Their cumulative impact results in Christian institutional leaders assuming that border crossing goes only one way. We will welcome others to cross from the secular world to the church world, but we don’t choose to leave our comfortable perches to venture in the other direction. That can alienate the laypeople the church needs to bear faithful witness to God’s kingdom.
Through genuine, mutual inquiry -- not just asking what you can do for me or I for you -- Christian institutional leaders will experience the vocations and contexts of laypeople.
Our efforts ought not to be limited to those already involved in church but should extend also to those who might be outside or even marginalized by our institutions. Christian renewal movements, such as the Wesleyan revival of the 18th century, have typically been led by pastors and other Christian leaders who were adept at crossing multiple borders to inquire after people.
In so doing, we will need to cultivate the trait of interpretive charity, which requires us to listen to the perspectives of others with the most charitable perspective we can imagine. This does not necessarily mean agreeing with the others, but it does involve patiently listening to what is said and why it is being said.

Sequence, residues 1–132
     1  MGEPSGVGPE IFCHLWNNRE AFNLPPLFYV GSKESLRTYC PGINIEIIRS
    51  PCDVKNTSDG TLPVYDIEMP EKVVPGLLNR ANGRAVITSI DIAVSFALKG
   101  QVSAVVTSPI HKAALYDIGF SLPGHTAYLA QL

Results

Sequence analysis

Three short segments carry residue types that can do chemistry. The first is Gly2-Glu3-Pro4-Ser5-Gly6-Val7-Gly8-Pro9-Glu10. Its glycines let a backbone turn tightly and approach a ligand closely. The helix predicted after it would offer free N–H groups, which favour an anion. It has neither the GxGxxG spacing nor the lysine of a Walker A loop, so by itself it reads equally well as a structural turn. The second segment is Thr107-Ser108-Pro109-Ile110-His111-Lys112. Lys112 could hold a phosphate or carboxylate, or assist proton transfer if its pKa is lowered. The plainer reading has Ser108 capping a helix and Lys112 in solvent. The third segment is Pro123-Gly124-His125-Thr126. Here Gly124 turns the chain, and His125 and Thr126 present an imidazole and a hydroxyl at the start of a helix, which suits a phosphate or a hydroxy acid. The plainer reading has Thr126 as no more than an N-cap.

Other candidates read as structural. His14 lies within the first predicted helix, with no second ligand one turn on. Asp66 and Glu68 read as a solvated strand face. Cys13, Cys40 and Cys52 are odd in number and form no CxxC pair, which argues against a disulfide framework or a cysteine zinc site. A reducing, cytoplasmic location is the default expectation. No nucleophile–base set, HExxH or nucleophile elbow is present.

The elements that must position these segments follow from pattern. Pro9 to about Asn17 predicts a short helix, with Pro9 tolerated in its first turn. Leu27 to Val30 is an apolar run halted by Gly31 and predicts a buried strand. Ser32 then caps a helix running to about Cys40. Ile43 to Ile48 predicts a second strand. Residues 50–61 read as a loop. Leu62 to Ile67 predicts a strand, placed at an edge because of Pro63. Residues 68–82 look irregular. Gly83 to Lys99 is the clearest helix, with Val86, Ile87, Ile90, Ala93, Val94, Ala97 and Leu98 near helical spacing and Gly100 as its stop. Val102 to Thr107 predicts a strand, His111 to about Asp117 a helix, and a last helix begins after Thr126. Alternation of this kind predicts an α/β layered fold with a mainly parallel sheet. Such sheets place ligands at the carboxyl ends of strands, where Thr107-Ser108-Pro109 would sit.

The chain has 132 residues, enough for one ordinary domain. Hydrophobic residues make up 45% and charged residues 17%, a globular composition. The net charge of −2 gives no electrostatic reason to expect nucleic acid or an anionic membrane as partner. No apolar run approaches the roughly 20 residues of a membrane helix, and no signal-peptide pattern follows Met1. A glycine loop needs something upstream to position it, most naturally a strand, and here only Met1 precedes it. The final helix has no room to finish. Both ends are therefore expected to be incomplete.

Early in my service as dean of Duke Divinity School, I was invited to meet with a wealthy business leader.
I was tempted to focus on what he could do for me, namely, make a large gift to the Divinity School’s capital campaign. I was also aware of my biases about wealth and greed, but I knew I likely wouldn’t get what I needed either by challenging him to give his wealth away in general or by asking him directly for a gift.
We didn’t have a relationship, so I asked him how he had gotten into his business.
He told me that he had considered going into ordained ministry but ultimately had decided that his calling was to business. He then described how he had learned to practice his business as a lay ministry. He described how his vision had helped articulate his company’s mission and its relationship with employees and customers.
As I asked him about how he expressed his faith through his leadership, I was humbled to learn that his company has often undertaken education and health initiatives, because the company believes it is important to support its employees and the people in the wider community. He was more attentive to the community’s ministry needs than are many congregations and Christian institutions.
Our conversation turned out to be the beginning of a long-standing mutual relationship in which we each ask much of and give much to the other.
We have discovered that as our border-crossing Christian relationship has developed and deepened, we will often challenge and even critique each other. But because the borders have been crossed in more than one direction, my challenges and critiques of him, and his of me, are typically life-giving rather than polarizing.
Christian institutions have been started and sustained, renewed and transformed over the centuries through remarkable partnerships among leaders of Christian institutions and Christian leaders of other kinds of institutions. We need to ask more of each other, in the first instance by learning to ask -- to inquire -- in fresh ways.